I must confess that I am starting to grow weary of the “academic rigor” conversation that pits skill development, mastery, and a prescribed cannon of knowledge against creativity, collaboration, and imagination. Does a school need to choose one side or the other as it gathers evidence of success for its students and, in turn, for its programs? Could a truly rigorous discussion on rigor perhaps, just perhaps, help us come to a very logical conclusion that today’s educational landscape requires an “all of the above” response?
I always thought of myself as a humanities person as a kid, but I liked electronics. Then I read something that one of my heroes, Edwin Land of Polaroid, said about the importance of people who could stand at the intersection of humanities and sciences, and I decided that’s what I wanted to do.
Yes, we must ask our students to communicate effectively, and properly, but in all modes: written, oral, technical, and artistic. Yes, we should have students learn their “math facts,” but without an accompanying numeracy that allows for estimation, a deep understanding of number sense, ratio, proportion, and plain old guesstimating, then why are we teaching and learning those facts? Yes, we need students to learn at least one other language, but with a deeper cultural understanding that goes beyond favorite foods. How does your school define rigor? How do you?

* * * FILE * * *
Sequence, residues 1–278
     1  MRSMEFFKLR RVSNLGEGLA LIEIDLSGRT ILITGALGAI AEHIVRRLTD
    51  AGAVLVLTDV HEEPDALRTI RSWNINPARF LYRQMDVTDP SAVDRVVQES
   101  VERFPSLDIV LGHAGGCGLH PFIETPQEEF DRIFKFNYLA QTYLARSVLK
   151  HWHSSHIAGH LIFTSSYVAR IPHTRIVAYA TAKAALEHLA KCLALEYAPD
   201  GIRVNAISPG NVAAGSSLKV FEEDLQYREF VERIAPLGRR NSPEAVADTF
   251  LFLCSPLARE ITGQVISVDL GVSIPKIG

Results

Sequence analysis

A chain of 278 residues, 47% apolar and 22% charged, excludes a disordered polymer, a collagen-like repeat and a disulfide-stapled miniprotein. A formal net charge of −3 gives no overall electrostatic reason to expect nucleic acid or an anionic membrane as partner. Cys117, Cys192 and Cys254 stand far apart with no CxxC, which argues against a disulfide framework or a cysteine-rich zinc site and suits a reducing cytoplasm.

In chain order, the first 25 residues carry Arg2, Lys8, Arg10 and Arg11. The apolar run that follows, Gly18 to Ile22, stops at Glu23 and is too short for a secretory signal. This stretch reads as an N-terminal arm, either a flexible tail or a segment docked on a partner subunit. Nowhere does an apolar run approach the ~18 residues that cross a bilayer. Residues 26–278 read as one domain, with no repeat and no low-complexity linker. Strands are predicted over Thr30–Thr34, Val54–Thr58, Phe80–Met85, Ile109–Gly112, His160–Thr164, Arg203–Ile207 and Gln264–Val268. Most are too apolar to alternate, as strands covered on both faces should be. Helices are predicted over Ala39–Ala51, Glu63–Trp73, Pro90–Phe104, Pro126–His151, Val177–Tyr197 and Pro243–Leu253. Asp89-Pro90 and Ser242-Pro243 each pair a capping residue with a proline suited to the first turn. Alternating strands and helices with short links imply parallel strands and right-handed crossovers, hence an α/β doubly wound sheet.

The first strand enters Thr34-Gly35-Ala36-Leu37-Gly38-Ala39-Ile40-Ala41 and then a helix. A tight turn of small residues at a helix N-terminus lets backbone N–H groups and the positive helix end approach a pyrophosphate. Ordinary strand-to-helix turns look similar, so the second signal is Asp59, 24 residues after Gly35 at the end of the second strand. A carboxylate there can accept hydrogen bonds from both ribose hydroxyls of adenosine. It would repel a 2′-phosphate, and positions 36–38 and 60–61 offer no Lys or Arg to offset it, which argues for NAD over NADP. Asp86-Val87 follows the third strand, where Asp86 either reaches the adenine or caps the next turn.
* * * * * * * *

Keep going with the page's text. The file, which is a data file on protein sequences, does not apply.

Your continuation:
Tony Wagner, of the Harvard Graduate School of Education, suggests that even our best schools are not always preparing students for 21st century careers and citizenship. He identifies seven survival skills for the future:
- Critical thinking and problem-solving
- Collaboration and leadership
- Agility and adaptability
- Initiative and entrepreneurialism
- Effective oral and written communication
- Accessing and analyzing information
- Curiosity and imagination
He bases his conclusions on both classroom observations and conversations with leaders in business, non-profit work, philanthropy, and education. He describes a “rare class” where academic content is used to develop students’ core competencies, such as those suggested above; where complex, multi-step problems are regularly featured, where students seek multiple solutions that require creativity and imagination; and where success requires teamwork. For me this classroom seems very familiar, because it is what we strive for at Seattle Girls’ School. It is what I observe everyday within our walls, and often beyond them in “being there” experiences such as understanding physics and math through sailing, biking an entire island to understand machines – both physical and biological, or launching a mission to the International Space Station to solve a crime. This last one is pretend, but you need to visit us on “Mission Day” to see how real it can feel!
Take a look at Tony Wagner’s entire article HERE
Take a look at an Advanced Placement Psychology teacher’s approach that rejects the false choice HERE
I would love to hear your perspectives and feedback.